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State Delivering Hepatitis A Vaccine Doses To Most Affected Counties

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CDC/Betty Partin
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The Kentucky Department of Public Health is handing out 10,000 hepatitis A vaccinations to the 10 counties hardest hit by the multi-state outbreak.

In a normal year, Kentucky reports only about 20 cases of the rare liver disease, but as of Monday, that number stands at 629.

To combat the spread of the contagious liver illness, the state public health department plans to deliver an additional 1,000 doses of the vaccine for uninsured and low-income residents in each of the ten counties witnessing the sharpest increases. In a Facebook Live video, acting State Health Commissioner Dr. Jeffrey Howard says the San Diego, California-traced outbreak first hit the Louisville area and has since fanned out.

"There's still currently research going on at the Centers for Disease Control as to why the disease is spreading to a greater degree now," he said.

For residents seeing news of food workers testing positive and fearing food contamination, Howard says so far that hasn’t been the culprit in Kentucky.

"We've had zero cases related to a food worker. Right now, the virus in this outbreak is spreading via contaminated environments," Howard reported. "So if you live or are around folks who are at risk for this disease, you ought to be vaccinated."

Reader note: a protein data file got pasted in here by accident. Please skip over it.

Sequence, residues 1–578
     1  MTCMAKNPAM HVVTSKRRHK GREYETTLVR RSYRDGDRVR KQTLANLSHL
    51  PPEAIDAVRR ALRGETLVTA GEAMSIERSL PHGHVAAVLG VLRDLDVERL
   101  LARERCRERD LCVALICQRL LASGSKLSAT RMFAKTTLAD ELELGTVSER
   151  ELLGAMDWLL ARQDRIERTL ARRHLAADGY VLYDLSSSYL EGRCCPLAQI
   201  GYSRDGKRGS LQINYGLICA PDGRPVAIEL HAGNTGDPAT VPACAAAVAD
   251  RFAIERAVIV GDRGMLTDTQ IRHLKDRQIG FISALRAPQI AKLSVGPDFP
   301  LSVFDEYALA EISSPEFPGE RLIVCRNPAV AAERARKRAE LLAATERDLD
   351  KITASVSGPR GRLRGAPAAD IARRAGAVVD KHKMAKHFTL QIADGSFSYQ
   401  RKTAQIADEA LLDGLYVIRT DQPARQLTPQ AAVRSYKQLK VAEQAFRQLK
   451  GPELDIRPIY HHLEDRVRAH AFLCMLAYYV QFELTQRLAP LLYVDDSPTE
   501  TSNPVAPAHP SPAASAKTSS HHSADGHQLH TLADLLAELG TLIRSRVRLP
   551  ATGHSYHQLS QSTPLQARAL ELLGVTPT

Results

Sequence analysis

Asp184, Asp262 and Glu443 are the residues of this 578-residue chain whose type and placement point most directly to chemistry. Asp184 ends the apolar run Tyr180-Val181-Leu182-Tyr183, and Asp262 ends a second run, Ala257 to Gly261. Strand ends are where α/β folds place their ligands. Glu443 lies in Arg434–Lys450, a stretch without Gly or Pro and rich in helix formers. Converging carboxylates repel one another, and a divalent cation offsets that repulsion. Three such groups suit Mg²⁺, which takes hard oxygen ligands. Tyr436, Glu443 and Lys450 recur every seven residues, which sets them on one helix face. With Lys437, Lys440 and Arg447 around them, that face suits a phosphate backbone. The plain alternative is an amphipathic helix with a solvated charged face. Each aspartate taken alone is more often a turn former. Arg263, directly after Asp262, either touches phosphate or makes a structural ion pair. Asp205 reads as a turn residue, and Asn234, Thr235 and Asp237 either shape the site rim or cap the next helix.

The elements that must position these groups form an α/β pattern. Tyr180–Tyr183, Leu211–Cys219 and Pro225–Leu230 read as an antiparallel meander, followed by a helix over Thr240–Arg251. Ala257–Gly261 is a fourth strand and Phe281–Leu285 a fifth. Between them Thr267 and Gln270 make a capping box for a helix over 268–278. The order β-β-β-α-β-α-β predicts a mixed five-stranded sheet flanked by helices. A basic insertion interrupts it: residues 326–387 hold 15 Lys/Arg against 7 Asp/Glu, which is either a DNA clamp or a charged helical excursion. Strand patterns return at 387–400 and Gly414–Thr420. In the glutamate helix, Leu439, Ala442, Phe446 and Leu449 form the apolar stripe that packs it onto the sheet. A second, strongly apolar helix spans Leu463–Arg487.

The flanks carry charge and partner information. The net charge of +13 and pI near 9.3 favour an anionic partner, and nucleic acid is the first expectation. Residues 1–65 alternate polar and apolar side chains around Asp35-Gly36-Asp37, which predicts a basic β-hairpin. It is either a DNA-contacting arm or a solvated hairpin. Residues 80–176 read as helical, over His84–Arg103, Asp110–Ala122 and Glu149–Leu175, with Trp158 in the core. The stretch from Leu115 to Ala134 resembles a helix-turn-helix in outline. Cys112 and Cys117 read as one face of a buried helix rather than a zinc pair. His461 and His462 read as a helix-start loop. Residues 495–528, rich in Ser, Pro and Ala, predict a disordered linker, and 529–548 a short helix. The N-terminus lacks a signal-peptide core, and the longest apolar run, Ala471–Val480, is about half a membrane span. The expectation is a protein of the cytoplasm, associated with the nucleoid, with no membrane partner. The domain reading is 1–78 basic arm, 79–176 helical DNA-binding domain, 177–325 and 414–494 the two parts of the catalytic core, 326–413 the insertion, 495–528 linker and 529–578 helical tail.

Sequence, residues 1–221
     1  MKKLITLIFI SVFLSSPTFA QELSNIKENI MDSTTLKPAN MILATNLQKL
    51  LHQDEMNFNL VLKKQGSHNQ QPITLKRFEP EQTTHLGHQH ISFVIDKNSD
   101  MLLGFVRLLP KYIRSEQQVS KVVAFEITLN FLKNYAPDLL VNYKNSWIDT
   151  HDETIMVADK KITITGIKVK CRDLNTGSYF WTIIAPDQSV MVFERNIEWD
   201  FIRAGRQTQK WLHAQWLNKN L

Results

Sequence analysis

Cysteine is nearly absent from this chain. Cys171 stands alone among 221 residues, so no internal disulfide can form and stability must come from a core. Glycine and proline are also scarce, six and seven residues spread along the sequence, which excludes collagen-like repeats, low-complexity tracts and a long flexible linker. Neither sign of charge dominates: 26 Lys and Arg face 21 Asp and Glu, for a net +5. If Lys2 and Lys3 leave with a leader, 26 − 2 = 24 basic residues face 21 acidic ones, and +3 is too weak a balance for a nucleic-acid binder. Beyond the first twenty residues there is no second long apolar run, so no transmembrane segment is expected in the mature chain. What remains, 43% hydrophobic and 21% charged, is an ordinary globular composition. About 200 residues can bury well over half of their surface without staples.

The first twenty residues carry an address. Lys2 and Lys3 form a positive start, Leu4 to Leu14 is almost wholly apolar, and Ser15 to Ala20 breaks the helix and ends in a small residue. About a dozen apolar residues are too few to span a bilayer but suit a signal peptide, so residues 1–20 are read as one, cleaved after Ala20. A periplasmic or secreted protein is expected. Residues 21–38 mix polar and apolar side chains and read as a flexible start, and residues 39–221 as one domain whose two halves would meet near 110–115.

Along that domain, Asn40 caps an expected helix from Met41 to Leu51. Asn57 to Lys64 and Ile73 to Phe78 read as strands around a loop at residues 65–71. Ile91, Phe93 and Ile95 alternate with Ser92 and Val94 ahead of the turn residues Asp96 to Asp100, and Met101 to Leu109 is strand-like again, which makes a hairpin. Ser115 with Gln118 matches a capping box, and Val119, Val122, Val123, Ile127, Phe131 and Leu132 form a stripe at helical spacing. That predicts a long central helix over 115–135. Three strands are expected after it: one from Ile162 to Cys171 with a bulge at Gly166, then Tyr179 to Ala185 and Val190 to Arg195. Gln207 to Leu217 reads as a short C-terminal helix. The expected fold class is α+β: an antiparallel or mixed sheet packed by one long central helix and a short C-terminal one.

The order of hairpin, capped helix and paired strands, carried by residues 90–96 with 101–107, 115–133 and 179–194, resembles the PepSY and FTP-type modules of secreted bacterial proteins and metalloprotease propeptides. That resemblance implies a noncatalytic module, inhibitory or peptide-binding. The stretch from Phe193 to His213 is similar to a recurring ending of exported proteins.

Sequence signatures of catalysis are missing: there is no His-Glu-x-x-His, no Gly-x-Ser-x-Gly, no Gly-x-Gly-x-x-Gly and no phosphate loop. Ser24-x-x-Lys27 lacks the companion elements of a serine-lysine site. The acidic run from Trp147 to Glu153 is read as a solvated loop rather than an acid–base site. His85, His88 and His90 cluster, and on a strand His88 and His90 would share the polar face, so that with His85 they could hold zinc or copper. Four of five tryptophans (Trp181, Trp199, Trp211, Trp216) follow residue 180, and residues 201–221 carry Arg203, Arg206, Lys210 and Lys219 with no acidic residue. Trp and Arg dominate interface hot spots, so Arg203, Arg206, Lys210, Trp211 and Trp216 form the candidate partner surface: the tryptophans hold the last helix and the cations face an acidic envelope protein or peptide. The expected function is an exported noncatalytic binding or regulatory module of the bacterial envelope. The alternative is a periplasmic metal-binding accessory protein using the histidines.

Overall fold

People infected the viral liver disease are most contagious during the 14 days prior to onset of symptoms, making the illness difficult to plan for and contain. But once symptoms appear, patients often initially report weakness, jaundice (yellowing of the skin), and abdominal pain. No specific treatments exist for hepatitis A, but nearly all patients fully recover.

Howard advises the usual preventative measures, including frequent handwashing with soap and water – not hand sanitizer – for 20 seconds and avoiding hand to mouth touching.

Josh James fell in love with college radio at Western Kentucky University's student station, New Rock 92 (now Revolution 91.7). After working as a DJ and program director, he knew he wanted to come home to Lexington and try his hand in public radio.
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